It’s that time of year again! Honey bee populations are burgeoning in their hives and when that happens, a large part of the colony might separate out and take off. It’s how honey bee colonies reproduce. After leaving the hive, the worker bees, along with their queen, first find a place to hang for a while — in a tree, on a bicycle chain or a fence, or on any other comfy site — while scout bees look for a new place to call home.
If you notice a swarm, please don’t be alarmed, and please don’t do harm. The bees are calm and non-defensive in a swarm state, though they can appear scary. It’s actually an awesome and thrilling sight and you are lucky to witness it!
Happy spring time!
Honey Bee Swarms Do Not Always Land in Trees
The above text was originally posted by Cynthia Pierce, County Extension Support Specialist and Alamance County Beekeepers Newsletter Editor.
Photos above by Geoff Leister
Geoff Leister was recently invited to talk on the nectar and pollen plants found in the Piedmont of North Carolina at the February 2019 Caswell County Beekeepers monthly meeting. A PDF on that presentation can be found HERE.
Our first meeting of the New Year featured an informative and fact filled presentation by Dr. Mark Anthony Powers on how to evaluate the seriousness of a bee sting and how to ascertain the most suitable treatment. Dr. Powers is Associate Professor Emeritus of Medicine Division of Pulmonary, Allergy and Critical Care Medicine at Duke University and he is a NC Certified Journeyman Beekeeper. His presentation is based of a recent article published in the December 2018 issue of the American Bee Journal, Vol. 158 No.12 pp. 1327-1331. A PDF of Dr. Powers presentation entitled Bee Sting Allergy What You Need to Know is available for download HERE .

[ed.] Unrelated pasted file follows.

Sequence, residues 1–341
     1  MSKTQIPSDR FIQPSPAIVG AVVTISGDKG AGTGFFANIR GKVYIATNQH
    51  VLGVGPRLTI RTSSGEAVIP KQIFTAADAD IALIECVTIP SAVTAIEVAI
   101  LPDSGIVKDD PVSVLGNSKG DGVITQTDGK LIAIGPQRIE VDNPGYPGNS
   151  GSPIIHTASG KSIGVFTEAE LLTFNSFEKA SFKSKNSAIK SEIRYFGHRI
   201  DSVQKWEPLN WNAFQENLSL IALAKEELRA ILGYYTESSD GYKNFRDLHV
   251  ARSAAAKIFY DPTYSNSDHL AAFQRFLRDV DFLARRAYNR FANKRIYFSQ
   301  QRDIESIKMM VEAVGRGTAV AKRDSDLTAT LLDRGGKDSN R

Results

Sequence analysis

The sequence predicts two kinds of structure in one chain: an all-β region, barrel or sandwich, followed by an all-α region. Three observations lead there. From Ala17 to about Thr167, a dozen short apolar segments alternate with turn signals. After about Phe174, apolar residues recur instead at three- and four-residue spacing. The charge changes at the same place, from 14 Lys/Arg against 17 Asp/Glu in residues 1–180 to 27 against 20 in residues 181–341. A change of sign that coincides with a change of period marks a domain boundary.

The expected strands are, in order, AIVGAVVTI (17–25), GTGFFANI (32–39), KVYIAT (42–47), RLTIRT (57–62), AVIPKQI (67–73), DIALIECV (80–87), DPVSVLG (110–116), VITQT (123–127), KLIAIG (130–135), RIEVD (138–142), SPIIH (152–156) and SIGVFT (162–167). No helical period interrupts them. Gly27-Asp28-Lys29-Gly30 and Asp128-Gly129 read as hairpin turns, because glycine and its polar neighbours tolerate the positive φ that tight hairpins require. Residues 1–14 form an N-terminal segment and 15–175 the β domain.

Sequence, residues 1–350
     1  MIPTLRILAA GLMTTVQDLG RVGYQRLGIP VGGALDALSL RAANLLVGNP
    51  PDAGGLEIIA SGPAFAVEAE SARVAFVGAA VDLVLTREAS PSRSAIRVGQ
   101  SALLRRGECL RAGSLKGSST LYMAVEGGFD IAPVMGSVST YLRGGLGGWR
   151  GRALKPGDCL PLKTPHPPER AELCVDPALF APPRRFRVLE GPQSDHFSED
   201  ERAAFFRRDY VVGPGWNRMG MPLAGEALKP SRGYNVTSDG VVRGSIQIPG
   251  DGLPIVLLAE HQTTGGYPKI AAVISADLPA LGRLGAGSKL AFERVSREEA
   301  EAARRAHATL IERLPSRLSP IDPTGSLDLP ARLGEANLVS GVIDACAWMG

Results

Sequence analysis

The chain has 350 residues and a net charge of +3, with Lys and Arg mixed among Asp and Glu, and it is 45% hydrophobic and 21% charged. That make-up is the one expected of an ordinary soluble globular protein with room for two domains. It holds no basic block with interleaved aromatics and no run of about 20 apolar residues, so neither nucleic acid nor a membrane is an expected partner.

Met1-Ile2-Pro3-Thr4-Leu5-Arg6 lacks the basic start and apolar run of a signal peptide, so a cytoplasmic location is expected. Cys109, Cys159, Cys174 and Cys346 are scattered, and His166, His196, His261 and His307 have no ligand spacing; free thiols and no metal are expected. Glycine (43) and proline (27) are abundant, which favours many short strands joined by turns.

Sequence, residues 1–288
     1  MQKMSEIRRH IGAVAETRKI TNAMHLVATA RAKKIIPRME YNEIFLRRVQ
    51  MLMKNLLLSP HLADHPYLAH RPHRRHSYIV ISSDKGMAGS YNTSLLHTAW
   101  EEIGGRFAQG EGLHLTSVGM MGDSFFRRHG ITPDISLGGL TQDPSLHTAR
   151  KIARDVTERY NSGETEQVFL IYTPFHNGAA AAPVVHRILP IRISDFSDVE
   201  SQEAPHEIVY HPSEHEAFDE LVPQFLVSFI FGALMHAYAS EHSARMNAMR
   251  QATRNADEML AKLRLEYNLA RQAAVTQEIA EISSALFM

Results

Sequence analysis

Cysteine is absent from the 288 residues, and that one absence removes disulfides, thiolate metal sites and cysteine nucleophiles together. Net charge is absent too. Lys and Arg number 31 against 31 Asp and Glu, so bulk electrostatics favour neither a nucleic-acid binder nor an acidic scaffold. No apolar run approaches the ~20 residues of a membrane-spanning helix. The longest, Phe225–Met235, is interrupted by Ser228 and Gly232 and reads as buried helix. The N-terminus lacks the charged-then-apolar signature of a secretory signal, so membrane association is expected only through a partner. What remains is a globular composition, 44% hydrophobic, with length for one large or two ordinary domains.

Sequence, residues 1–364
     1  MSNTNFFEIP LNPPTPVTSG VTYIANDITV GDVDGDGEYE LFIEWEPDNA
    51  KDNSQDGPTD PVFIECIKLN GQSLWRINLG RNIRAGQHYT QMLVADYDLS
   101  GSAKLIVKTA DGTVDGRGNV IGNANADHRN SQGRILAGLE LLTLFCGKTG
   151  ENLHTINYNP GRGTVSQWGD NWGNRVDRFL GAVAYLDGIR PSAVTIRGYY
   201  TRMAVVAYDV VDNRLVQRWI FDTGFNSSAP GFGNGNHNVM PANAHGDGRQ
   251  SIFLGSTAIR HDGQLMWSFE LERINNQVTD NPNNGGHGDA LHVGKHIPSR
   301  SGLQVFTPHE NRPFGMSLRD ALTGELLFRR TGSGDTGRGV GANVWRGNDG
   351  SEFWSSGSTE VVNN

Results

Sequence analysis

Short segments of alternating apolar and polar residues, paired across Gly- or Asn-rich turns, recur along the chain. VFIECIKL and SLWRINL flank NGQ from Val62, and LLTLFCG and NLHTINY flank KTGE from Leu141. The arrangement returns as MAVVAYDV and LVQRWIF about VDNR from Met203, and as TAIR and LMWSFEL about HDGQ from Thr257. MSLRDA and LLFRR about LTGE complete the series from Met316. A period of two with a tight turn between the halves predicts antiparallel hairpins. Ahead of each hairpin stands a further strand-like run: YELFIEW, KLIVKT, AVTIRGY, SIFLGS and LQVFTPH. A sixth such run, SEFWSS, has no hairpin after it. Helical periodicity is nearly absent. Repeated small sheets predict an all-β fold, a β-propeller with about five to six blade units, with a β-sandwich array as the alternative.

Dr. David Tarpy, NCSU, Professor and Extension Specialist (Apiculture) has provided this article Protective Measures of Beehives During Hurricanes and makes the following recommendations:
*Strap down the lid and hive components if they’re not propolized.
*Reduce hive wind profile by removing unnecessary boxes (feeders, for example).
*Hives should be at ground level or on sturdy stands. Be sure solid bottom boards are tilted to let rain out.
*Are your hives in danger of limbs or trees falling on them? Consider relocating hives.
*Move hives from low-lying areas if there’s a flooding danger; bees will drown.
*Register your hives at DriftWatch so you’ll be notified if spraying for mosquitos commences.
Thanks are due to Debbie Roos, Agricultural Extension Agent
Chatham County Center for providing the above links and to Jason Williams,
Pesticide Operations Specialist, NCDA&CS – SPCAP for the following link to “Bee” Kind if You Spray for Mosquitoes” authored by Dr. Michael Waldvogel, Extension Specialist (Household & Structural Entomology), Entomology & Plant Pathology – NC State University.
The Pesticide Toxicity to Bees “Traffic Light” PDF file can be accessed along with other documents. The pesticides listed are arranged by Highly Toxic, Moderately Toxic and Relatively Nontoxic to bees. Specific pesticide uses are categorized as Microbiocide, Miticide, Insecticide, Fungicide, Herbicide, Growth Regulator, or Repellent.